Like with any transformation programme, there is an inherit risk of the programme not delivering the results as expected and therefore it may end up doing more harm than good. So, it begs the billion-dollar question; how can you safely and efficiently deliver digital transformation programme aligned with its business expectations and ensure that it doesn’t fail?
Why cartography is important
As in any complex transformation and change programme delivery, we first need to form an accurate and comprehensive understanding of what is currently there to establish a solid starting point. This approach makes me recall some very interesting insights from Sun Tzu’s famous book of “Art of War”. In chapter 8, “Variation in Tactics”, he counsels that you have to be adaptable and willing to accept that change is good and just because you have done something in one way doesn’t mean that you have to continue doing it that way. He then goes on to advise in chapter 10, “The Terrain”; in order to achieve the desired outcome, you must know your surroundings so that you can adapt as you move forward.
In other words, both chapters advise that if you want to ensure success you need to understand the playing field which you operate on and when you do, you can then devise the appropriate strategies to ensure you overcome issues and achieve the outcome which you desire. Throughout your transformation strategy you have to be adaptable to changing circumstances but never lose sight on the end goal.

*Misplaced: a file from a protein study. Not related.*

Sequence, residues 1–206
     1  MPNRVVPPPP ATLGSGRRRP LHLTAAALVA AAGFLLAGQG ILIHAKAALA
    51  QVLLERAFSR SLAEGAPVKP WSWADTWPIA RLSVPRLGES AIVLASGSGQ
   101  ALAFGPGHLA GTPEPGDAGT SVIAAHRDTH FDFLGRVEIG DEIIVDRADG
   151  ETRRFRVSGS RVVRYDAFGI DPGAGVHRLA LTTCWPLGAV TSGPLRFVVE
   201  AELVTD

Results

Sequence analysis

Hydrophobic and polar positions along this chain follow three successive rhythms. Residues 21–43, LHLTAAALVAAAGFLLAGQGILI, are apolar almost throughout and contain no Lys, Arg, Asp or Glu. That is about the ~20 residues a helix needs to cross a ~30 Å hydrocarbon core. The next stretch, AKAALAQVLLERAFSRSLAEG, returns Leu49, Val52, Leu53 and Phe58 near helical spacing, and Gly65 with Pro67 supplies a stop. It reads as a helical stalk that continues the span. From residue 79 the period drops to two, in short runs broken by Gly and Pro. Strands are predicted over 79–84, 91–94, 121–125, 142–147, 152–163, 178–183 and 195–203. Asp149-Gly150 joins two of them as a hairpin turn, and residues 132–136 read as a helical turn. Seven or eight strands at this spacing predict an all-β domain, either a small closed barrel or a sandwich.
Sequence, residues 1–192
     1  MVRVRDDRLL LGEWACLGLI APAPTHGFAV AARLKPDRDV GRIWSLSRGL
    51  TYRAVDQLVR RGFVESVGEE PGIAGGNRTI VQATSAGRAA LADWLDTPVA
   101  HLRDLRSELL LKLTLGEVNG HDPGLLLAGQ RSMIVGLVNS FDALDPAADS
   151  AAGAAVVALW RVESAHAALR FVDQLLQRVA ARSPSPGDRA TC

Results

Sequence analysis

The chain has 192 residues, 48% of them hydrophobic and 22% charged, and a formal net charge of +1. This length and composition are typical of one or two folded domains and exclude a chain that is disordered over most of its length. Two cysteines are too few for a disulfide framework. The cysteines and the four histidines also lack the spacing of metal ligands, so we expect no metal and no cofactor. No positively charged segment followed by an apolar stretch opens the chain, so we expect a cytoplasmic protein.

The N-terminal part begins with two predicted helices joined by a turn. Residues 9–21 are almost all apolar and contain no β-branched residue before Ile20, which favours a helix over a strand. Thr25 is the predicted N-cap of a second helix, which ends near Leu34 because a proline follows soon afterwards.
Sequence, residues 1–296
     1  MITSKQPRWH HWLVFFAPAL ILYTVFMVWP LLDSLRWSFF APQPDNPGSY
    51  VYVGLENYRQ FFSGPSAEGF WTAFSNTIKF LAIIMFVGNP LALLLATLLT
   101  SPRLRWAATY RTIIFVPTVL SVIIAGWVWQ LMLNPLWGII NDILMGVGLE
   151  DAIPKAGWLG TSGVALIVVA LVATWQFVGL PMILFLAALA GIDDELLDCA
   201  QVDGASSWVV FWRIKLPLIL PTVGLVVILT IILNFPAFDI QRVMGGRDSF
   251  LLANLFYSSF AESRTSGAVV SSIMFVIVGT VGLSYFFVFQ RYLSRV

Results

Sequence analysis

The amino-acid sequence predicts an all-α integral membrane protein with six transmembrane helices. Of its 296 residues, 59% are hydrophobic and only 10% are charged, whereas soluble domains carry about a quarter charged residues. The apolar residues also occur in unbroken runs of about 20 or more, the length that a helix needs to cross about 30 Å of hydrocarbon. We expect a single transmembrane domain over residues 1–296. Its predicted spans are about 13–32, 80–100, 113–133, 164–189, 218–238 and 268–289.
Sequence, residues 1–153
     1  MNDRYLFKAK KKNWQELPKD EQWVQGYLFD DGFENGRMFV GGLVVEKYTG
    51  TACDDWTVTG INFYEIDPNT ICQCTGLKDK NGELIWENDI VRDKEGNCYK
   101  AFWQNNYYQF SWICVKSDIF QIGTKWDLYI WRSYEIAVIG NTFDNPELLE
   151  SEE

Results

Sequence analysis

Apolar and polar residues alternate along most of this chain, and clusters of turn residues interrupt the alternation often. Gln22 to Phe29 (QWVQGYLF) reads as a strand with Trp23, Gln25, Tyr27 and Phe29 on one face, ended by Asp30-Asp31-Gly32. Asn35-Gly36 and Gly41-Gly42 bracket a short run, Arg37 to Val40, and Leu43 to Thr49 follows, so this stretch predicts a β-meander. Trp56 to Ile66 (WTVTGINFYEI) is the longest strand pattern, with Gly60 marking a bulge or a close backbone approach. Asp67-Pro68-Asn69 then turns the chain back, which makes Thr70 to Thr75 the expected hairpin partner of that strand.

Although the book was written many centuries ago, its lessons are still valid and can be easily transferred to our current day technology and change programmes. More specifically, in our experience in implementing complex transformational changes with clients, we repeatedly observe that either not knowing or not clearly articulating the day-to-day operational processes, controls and data points is one of the main causes of issues and delays. In many cases, it can be the crucial difference between whether a transformational process succeeds or fails.
How to approach your cartography mission
At First Derivatives, we counsel that when you embark on your digital transformation journey you achieve the desired benefits and efficiency only when multiple departments (including people, processes, controls and tools) are aligned within the organization. The complexity of navigating around operational controls and multiple data touch points cannot be underestimated, but such alignment over time creates harmonization.